Arrest disorders can affect up to 20% of labors and are a common indication for cesarean delivery.1 These cesarean deliveries can be difficult when performed for failure to progress in the second stage of labor1,2 because they often require additional procedures for delivery including elevation of the head by an assistant's hand placed in the vagina or a reverse breech delivery. As a result, arrest of descent cesarean deliveries in the second stage are associated with an increased risk for both maternal and fetal morbidity, including uterine hysterotomy extensions, increased blood loss, and neonatal injury such as skull fracture.3–5
The Fetal Pillow (cephalic elevation device) is a balloon cephalic elevation device designed to elevate a deeply impacted fetal head atraumatically out of the pelvis during cesarean delivery. It is inserted to facilitate delivery of the fetal head and minimize complications associated with a deeply impacted head.6 Although it has not been used widely in the United States, the device has been demonstrated as safe and effective in studies conducted in the United Kingdom and India.7–9 Its use was associated with a reduced risk of major hysterotomy extension: 15% with a hand from below compared with 4% with the device.7 A randomized controlled trial evaluating its use at full dilatation reported a reduction from 32.5% to 5% in hysterotomy extension.8 Based on these findings, this cephalic elevation device was cleared by the U.S. Food and Drug Administration in 2015 for use in women who were in at least 37 weeks of gestation and required cesarean delivery at full dilation or after a failed instrumental vaginal delivery.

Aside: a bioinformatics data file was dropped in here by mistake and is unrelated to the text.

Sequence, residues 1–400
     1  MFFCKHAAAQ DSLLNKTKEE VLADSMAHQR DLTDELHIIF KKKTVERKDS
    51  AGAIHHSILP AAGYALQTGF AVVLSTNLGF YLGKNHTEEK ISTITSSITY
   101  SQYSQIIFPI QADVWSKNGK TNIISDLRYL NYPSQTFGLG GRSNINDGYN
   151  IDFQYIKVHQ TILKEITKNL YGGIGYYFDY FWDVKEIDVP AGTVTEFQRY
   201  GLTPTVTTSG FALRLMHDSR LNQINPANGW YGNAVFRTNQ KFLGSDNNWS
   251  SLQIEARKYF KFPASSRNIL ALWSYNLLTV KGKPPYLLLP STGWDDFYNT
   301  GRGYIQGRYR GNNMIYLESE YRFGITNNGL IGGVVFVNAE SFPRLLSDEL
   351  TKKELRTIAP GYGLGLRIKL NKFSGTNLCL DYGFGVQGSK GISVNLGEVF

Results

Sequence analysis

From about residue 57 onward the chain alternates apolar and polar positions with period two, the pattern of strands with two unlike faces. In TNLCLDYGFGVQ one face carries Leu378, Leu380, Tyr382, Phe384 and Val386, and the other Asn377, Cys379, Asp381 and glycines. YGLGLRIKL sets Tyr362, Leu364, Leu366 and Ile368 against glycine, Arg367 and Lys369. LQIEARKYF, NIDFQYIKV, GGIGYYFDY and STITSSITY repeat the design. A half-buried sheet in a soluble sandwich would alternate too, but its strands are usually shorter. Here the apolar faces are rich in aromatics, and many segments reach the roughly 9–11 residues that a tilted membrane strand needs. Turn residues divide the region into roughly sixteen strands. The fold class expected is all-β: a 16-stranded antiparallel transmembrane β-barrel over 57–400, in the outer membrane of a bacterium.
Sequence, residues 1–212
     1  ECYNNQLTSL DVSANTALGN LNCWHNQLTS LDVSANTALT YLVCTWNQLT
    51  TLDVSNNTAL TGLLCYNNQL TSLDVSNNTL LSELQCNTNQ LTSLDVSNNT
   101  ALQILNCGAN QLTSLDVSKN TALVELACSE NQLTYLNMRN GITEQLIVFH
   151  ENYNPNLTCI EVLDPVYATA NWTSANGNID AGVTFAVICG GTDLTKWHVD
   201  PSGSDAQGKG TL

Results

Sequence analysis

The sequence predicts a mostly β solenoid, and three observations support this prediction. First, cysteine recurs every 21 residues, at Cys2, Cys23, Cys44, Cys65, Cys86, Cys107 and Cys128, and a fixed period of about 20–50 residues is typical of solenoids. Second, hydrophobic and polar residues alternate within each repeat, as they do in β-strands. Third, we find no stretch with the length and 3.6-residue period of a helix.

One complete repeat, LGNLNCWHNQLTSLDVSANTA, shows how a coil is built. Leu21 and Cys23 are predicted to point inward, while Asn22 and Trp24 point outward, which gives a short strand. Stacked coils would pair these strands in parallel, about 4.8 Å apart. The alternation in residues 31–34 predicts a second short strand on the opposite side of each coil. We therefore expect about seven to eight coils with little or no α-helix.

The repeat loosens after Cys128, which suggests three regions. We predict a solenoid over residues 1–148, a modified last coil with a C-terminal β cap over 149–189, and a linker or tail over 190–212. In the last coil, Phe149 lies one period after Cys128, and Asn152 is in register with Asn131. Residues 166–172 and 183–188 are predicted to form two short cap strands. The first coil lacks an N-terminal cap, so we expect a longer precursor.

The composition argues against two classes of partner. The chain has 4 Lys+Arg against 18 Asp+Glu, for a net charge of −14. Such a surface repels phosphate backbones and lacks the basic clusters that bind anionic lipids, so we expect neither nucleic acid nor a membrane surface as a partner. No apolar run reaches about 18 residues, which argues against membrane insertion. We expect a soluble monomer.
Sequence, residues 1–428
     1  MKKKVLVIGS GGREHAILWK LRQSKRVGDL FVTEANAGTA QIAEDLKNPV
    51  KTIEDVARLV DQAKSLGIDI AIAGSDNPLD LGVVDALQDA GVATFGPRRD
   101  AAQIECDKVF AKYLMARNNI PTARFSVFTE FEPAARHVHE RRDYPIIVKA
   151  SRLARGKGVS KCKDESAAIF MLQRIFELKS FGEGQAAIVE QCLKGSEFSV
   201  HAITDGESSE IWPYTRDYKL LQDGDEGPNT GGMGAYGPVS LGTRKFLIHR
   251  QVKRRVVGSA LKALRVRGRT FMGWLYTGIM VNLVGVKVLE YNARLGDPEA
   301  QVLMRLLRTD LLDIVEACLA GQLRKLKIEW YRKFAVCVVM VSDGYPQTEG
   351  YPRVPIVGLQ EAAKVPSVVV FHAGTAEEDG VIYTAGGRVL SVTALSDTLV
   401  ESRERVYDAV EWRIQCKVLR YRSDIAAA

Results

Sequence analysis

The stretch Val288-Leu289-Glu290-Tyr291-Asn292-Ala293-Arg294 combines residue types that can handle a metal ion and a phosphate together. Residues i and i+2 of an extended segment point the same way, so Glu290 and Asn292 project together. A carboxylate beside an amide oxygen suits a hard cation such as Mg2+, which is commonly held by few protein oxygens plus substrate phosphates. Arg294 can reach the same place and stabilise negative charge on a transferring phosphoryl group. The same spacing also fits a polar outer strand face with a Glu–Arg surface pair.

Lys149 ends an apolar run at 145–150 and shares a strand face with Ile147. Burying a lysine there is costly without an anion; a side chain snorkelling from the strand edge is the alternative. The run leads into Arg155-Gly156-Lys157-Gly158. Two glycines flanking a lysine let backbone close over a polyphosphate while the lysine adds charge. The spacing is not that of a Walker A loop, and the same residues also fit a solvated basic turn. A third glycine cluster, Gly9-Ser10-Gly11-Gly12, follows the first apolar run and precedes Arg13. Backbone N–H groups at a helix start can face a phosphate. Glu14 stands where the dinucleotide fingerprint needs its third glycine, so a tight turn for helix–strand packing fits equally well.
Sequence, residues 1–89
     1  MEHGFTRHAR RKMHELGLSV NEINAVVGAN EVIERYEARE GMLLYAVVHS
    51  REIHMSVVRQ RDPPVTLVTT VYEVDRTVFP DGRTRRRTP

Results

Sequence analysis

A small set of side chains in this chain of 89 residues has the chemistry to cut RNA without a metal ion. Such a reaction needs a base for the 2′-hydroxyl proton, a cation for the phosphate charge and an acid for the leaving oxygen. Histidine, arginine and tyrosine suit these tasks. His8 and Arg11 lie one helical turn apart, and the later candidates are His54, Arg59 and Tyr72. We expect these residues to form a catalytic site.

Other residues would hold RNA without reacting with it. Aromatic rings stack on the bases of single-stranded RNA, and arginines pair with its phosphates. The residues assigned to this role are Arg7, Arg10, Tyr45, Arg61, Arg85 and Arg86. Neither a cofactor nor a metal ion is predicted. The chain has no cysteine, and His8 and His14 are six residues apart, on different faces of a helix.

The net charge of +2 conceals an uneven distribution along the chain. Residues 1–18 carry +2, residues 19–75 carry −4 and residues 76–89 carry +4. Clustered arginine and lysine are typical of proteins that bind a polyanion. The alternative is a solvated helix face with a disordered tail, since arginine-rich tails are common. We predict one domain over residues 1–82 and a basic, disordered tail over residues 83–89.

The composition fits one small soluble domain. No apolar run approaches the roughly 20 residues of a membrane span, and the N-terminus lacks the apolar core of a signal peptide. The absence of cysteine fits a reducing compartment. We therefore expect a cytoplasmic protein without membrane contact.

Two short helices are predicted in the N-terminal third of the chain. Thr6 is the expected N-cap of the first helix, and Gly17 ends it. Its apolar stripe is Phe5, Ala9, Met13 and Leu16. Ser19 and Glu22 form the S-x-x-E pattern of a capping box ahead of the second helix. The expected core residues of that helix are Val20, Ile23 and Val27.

To date, the device has not been studied in a scientific fashion in the United States. Our objective was to evaluate whether this cephalic elevation device reduces time to delivery after hysterotomy and morbidity from cesarean deliveries during the second stage.
ROLE OF THE FUNDING SOURCE